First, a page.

Was there any one line in that speech that was your key to the whole thing?
Golly. There wasn't. I'm gonna tell you that table was my key. Really that table kept me so grounded, like with the different takes and whatever. I was happy not standing. I didn't want to stand and deliver a diatribe. It felt so nice to be in that chair and like have my shoes off and have my chest down on that table. It was just a very different physicality. And so I really tucked into that.
I'm trying to think. Let me think through, if I can even remember. 'Cause, you know, I had not seen it until last night. And to try to live tweet and watch the show full of people that you love with all your heart, is hard work, much less to watch yourself, which is hard work on any day. ...
The one that stands out looking back is, "I'm spectacular, but even I cannot compete with religious fervor." I mean she's not blaming herself or giving up on; she's not fooling herself into thinking she's not enough. She's just sadly faced with the truth that what they have is different than what Fitz and she have. It's more real, it's more true, it's more immortal, if you will.
Where does this leave her going forward? Because I feel like this was a big moment. Am I crazy?
Yeah, no, I feel like you do. It's sort of like when that big chunk, that big ice flow breaks off of the glacier ... I don't mind actually if we use the iceberg as a metaphor for Mellie; I feel like this might be the first crack, that horrible, echoing crack that sounds like a keen, like a whale when the glacier starts to melt, when the iceberg starts to melt. I definitely think you're right about that.
And we're always in a crucible. Like the White House is fancy prison, but now we're staring down the barrel of reelection. So more than ever she's trying to feel her way toward what compromises she can stomach, you know? OK, he doesn't love me but will he be my husband? OK, can I get partnership from him if I give up needing intimacy? Can I stomach this in real life? Can I stand beside him and campaign with him?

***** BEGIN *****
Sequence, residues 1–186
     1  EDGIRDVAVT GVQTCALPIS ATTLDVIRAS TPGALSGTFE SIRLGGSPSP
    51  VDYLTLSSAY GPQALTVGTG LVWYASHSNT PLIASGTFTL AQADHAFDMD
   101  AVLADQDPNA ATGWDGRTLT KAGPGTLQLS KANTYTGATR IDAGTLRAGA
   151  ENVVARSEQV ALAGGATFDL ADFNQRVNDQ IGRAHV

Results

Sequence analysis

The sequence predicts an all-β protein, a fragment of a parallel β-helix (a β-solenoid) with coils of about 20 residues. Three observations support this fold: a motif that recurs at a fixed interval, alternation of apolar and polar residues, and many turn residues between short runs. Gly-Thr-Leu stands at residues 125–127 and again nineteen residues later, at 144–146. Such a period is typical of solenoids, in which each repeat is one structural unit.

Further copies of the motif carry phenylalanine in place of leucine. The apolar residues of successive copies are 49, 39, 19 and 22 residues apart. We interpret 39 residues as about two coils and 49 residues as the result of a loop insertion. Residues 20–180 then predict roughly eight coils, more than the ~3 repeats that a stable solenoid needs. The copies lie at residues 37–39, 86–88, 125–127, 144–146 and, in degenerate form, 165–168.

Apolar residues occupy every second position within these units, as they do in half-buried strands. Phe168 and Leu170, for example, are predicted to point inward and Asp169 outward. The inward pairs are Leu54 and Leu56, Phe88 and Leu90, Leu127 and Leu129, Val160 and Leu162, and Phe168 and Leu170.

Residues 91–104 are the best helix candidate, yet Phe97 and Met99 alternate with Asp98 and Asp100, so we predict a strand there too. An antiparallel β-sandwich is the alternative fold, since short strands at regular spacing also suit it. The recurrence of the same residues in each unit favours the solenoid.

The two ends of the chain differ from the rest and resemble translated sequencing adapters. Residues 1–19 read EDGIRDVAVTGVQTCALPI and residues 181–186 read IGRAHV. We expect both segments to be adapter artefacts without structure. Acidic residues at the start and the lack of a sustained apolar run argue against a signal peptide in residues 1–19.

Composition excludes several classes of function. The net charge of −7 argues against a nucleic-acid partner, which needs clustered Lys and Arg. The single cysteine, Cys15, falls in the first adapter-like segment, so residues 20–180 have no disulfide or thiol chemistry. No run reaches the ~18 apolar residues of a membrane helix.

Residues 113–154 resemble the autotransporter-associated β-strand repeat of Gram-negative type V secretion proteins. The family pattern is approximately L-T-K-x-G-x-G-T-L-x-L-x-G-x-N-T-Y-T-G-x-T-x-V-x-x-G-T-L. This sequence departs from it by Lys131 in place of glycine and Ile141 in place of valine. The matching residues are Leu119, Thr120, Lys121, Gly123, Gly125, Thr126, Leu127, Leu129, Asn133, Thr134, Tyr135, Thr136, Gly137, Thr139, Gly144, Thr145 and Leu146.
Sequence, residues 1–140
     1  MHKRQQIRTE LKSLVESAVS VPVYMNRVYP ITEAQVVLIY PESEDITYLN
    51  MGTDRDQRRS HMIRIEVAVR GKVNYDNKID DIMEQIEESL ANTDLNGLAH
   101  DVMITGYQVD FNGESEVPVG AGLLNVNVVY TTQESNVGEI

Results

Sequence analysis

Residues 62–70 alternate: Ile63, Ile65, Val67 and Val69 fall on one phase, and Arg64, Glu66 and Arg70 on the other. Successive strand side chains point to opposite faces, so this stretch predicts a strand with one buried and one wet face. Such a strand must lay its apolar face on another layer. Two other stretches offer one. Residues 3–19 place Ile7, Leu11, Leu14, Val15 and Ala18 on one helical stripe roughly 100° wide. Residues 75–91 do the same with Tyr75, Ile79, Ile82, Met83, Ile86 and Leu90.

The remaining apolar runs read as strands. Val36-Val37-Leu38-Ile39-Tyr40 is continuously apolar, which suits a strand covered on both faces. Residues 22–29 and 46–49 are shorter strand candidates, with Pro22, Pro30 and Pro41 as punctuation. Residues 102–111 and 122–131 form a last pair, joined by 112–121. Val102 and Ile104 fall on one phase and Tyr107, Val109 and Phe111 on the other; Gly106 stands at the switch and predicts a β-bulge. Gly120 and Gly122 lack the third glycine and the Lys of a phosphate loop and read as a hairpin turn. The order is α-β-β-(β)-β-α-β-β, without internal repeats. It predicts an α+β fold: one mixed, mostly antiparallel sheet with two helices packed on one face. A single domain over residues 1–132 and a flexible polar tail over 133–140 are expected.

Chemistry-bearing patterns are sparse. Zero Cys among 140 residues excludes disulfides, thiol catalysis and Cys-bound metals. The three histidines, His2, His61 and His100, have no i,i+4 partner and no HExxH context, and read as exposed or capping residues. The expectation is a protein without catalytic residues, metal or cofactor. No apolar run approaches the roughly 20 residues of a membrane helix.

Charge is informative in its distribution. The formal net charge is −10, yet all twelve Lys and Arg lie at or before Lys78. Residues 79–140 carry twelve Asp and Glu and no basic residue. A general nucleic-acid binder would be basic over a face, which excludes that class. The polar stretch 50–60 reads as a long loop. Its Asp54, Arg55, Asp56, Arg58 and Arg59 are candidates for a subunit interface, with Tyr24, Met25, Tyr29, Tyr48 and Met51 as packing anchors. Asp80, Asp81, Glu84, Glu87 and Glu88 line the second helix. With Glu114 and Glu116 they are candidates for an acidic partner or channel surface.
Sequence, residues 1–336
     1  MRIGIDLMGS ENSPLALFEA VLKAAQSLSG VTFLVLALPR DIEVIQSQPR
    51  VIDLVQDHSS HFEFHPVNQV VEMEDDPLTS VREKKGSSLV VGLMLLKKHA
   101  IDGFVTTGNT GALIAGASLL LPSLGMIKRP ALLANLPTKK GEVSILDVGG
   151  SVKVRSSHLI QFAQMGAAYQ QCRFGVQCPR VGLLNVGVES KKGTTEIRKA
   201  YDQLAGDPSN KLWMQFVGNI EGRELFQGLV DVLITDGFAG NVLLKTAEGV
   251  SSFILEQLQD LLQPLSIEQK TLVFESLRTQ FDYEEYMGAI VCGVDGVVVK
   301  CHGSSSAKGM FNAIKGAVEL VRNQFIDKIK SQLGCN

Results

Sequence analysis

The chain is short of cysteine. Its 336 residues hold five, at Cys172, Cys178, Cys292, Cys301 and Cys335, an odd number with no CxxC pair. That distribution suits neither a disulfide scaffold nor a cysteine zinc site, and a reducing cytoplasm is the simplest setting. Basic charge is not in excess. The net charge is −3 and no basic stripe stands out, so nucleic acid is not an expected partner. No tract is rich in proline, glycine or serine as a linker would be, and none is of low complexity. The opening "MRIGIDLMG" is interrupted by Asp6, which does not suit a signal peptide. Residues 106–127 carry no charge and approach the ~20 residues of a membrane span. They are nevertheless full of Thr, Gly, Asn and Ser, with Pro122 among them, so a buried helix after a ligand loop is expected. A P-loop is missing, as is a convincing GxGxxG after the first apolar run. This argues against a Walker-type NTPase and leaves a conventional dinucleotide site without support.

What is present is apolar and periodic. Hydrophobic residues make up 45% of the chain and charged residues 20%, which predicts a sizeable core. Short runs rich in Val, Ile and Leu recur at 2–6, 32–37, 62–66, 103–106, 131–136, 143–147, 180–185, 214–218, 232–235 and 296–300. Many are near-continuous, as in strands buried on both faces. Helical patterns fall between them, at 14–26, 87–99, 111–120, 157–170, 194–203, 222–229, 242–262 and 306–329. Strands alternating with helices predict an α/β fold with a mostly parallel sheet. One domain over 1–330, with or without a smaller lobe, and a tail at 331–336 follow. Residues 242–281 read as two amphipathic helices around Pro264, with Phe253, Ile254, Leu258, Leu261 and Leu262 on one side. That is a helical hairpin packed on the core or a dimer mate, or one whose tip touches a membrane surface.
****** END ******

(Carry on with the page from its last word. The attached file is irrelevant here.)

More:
There's ever shifting ground of how much she can sacrifice herself, compromise herself. And I think every day she wakes up and thought she figured it out, and then that day she's sick to her stomach by the decision she made the day before.
She declares not necessarily her plan, but she fires a warning shot at him. Oliva is his Achilles' heel, Mellie says.
Exactly. And Mellie, bless her, when she barks she usually bites. She might bite and hit air 'cause she's not got the best aim, but she's not one to sound the alarm and not follow through.
I mean this in the most loving way because I do love her, but she's one tough bitch.
[Laughs.] She is. She's no joke. She is no joke. And the best part is she doesn't care what you think, you know what I'm saying? She's like yup, that's right.
The other thing that I noticed was that Fitz was totally transfixed by her last night while she was giving that speech.
He was, cute little Tony.
He was just totally into it to it seemed like.
Well, Drunk Mellie is fun Mellie. I'm sure he could see a little bit of what they used to have in that. Mellie used to be fun. Mellie's not always been this person. You'll see that in 307.
Want more? Discuss this article and others on Show Patrol's Facebook page.
Copyright © 2014 Chicago Tribune Company, LLC